Ex-Cedar Hills mayor charged with bank fraud

Published: Wednesday, June 27 2012 5:09 p.m. MDT

SALT LAKE CITY — Three days after resigning as mayor of Cedar Hills, Eric A. Richardson was charged in federal court with bank fraud in connection with an alleged equity skimming scheme.

Richardson signed a blank loan application in February 2010 with HeritageWest Credit Union for $57,144 for a 2009 Land Rover, knowing that an accomplice would falsely represent his monthly income was $15,000 and that he was an area manager with Bentley Equities for five years, according to court documents filed Wednesday in U.S. District Court.

Federal prosecutors allege Richardson knew the statements were false because he had disassociated himself with the firm and had never received a salary from it. Authorities also contend he knew the loan exceeded the price of the vehicle and that excess proceeds would be split among others.

Richardson, 38, resigned as mayor Sunday without explanation. He had served as mayor since 2010.

He had been under fire from a group of Cedar Hills residents who campaigned for his removal from office, claiming he improperly moved recreation funds to the city's golf course to make it appear profitable, among other complaints.

In May, Richardson and Christopher D. Hales were named in a U.S. Commodity Futures Trading Commission complaint in federal court for allegedly soliciting fraudulent investments for Bentley Equities.

The pair allegedly collected more than $1.1 million from 38 participants in a commodity futures trading pool and individual investment accounts. They misappropriated at least $557,000 for personal use, including food, clothes, cars, utilities and credit card payments and $71,000 to pay clients in a Ponzi scheme, according to the complaint.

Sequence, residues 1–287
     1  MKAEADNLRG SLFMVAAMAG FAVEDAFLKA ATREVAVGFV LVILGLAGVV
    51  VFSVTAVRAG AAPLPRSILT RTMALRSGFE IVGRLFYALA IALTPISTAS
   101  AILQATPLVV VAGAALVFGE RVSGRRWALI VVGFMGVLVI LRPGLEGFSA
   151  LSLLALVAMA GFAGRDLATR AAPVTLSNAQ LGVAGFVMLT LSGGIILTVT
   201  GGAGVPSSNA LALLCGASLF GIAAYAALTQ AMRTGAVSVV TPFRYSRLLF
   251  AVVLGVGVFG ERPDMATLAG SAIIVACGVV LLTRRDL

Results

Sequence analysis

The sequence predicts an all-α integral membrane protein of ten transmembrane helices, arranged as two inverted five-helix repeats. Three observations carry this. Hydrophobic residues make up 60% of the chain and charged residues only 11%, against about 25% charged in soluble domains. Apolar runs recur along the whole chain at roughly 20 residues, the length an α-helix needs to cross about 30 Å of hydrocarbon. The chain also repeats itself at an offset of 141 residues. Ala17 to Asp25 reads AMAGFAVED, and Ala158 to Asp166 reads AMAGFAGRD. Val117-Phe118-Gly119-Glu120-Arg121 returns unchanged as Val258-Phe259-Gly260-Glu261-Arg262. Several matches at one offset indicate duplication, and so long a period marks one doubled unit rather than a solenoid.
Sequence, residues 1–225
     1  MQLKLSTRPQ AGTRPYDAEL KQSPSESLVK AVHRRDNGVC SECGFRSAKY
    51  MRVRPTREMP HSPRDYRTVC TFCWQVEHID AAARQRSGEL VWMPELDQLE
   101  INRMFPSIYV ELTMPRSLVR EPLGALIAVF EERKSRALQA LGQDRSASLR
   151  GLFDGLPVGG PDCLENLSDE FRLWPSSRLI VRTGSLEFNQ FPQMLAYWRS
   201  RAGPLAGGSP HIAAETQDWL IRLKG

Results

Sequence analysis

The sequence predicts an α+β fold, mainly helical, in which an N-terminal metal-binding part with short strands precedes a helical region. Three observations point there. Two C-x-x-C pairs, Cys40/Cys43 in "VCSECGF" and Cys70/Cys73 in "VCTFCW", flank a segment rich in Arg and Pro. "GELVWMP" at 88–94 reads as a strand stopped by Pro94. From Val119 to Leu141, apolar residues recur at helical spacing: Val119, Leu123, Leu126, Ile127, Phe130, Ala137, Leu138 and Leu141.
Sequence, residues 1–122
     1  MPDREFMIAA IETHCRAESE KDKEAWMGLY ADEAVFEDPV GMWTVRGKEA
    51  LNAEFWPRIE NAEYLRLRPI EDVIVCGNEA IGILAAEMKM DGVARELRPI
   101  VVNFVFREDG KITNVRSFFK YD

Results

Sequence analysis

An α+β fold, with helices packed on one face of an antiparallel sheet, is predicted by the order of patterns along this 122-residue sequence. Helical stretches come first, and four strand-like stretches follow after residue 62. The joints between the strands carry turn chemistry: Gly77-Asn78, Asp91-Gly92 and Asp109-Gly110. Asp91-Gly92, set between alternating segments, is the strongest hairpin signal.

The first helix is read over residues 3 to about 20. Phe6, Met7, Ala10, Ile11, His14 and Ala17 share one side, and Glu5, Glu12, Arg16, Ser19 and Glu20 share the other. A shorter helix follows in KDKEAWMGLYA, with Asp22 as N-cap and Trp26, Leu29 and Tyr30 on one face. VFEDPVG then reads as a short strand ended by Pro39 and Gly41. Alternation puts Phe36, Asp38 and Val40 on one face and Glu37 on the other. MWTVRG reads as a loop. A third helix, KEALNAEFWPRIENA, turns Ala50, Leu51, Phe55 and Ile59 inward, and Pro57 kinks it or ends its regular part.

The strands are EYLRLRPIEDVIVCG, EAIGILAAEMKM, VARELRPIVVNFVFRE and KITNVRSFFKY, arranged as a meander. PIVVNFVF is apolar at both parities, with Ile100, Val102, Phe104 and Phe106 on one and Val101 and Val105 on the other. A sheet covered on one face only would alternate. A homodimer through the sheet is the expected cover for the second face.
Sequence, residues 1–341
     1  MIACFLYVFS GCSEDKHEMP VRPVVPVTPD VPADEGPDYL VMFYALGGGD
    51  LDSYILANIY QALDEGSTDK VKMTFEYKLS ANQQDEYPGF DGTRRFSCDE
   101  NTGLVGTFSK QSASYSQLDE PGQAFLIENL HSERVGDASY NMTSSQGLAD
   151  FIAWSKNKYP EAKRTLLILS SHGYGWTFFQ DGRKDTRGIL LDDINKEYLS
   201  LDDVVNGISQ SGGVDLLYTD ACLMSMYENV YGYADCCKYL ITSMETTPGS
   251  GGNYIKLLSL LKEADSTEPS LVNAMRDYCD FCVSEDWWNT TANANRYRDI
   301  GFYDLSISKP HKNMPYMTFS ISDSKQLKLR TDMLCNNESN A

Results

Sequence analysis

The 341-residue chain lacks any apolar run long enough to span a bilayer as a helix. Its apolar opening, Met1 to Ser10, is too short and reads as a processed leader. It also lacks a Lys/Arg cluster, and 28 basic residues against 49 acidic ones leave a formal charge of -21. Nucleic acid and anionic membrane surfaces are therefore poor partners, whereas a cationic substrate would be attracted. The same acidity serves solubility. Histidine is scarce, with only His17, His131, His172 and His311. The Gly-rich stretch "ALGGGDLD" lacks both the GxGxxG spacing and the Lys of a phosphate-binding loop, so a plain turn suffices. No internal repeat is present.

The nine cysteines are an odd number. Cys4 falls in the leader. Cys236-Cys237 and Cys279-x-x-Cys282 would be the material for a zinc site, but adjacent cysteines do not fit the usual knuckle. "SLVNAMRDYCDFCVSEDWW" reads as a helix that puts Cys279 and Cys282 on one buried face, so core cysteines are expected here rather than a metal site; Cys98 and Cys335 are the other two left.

Hales and Richardson formed Bentley Equities in April 2009. It currently is in default for failing to pay its annual franchise tax fees. Neither were registered with the commodity futures commission, which enforces the Commodity Exchange Act. Commodity futures are agreements to buy or sell a commodity at a specific date in the future at a specific price.

Hales, 31, is currently serving a 90-month sentence in federal prison for masterminding a financial scam that took individuals and lending institutions for $12.7 million. Hales used the money to live a lavish lifestyle, including throwing $100,000 parties in Las Vegas.

Richardson was mentioned in court documents associated with Hales' other legal troubles but was not charged with a crime. Federal agents searched Richardson's home and removed several boxes in September 2010 in connection with the case.

Federal authorities will issue Richardson a summons to appear in court on the felony ban fraud charge. He faces up to 30 years in prison and a $1 million fine.

E-mail: romboy@desnews.com

Twitter: dennisromboy

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